about teaching yoga classesBy Sanjeev Patel, CYT 500

Yoga teachers may need to teach a variety of class types. Teaching yoga classes is an art form that grows with your experience. Yoga teacher training programs prepare you to teach many different types of people. The following is the beginning of a series of articles. This article gives you an opening for a two hour, fitness oriented, Hatha Yoga Class.

This sequence is just one of many possibilities. It is only for athletes and students in good health with no medical conditions. These students want to push their athletic limits. Hatha Yoga for therapeutic application is wonderful, but my athletic students want a serious challenge and this gives them what they seek.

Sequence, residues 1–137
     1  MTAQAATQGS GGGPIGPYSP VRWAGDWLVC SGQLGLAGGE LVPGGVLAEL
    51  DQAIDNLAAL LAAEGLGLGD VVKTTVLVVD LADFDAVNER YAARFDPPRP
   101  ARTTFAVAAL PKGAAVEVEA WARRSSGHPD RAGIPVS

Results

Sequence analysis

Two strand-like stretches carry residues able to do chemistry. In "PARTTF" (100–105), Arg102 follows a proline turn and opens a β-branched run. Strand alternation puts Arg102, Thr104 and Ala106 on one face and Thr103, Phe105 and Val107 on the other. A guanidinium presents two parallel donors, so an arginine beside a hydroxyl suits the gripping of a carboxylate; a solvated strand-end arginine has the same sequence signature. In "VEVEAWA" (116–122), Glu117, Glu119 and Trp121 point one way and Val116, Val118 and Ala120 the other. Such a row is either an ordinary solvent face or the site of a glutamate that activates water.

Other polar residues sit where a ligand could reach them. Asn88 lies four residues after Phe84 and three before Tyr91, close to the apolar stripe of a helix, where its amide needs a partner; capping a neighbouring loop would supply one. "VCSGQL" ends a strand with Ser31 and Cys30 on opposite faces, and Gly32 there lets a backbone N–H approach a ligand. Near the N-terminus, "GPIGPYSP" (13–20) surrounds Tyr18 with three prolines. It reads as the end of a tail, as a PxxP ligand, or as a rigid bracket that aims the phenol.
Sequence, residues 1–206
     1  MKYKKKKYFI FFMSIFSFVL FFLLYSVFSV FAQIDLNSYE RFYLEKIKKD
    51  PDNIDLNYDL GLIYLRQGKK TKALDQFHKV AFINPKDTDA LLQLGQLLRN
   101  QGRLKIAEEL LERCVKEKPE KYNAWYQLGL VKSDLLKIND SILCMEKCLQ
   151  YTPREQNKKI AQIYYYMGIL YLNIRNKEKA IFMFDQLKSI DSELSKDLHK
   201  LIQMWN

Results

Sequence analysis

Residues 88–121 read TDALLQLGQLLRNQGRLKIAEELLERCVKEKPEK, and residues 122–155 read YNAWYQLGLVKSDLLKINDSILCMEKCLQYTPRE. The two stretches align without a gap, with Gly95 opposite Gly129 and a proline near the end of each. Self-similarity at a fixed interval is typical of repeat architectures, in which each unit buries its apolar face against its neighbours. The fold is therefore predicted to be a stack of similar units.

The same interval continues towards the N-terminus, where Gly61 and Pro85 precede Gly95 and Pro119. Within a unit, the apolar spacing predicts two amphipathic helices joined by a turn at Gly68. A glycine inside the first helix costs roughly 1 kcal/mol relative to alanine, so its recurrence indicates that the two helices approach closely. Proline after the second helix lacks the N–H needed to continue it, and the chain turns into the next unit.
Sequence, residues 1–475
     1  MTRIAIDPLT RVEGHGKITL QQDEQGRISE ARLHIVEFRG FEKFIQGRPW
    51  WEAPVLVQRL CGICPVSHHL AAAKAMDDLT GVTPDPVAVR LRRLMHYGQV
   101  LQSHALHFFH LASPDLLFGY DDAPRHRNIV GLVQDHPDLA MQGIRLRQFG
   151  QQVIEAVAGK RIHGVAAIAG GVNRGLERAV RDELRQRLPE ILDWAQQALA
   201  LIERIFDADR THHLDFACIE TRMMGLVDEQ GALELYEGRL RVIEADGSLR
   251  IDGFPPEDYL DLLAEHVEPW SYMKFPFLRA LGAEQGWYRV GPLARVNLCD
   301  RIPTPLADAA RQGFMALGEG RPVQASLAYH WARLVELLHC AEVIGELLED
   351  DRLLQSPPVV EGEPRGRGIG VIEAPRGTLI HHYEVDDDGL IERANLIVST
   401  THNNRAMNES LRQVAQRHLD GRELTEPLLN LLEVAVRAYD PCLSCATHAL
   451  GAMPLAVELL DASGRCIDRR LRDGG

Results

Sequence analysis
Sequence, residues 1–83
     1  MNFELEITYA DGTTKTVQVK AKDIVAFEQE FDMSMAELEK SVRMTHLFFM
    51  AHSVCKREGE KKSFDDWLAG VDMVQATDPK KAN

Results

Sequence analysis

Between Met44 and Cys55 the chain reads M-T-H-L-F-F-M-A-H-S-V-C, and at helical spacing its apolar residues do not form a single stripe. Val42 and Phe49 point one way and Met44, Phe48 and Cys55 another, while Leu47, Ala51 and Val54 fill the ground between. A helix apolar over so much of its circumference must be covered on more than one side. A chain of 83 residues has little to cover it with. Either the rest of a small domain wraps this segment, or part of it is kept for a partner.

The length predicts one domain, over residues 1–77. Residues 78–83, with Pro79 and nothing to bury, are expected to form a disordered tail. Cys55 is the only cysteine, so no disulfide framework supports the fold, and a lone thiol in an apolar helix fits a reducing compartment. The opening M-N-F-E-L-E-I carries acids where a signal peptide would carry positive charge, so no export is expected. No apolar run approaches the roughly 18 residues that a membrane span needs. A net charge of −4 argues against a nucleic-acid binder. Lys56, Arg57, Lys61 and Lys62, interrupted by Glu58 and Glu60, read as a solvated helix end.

To begin: Greet students and settle everyone to sit down. Ask for any medical conditions or injuries that you should be aware of even if students all look healthy. Pregnant students should not be in this class at all. Start the Yoga session with the corpse posture Savasna and relax for one minute.

Pranayama: Sit beginners in perfect posture. Intermediate Yoga students can choose any position they can sit in comfortably for a two minute round each of Kapalabhati, Bhastrika, and alternate nostril breathing. Explain to them the benefits and show all of them how to perform these Pranayama techniques.

Begin asana practice with eight rounds of sun salutations (a series of 12 sequences of postures and synchronized breath). Ask students to lie on their backs to regain their breath for a couple of minutes while doing a series of abdominal strengthening exercises. The abdominal strengthening exercises will continue for twenty minutes.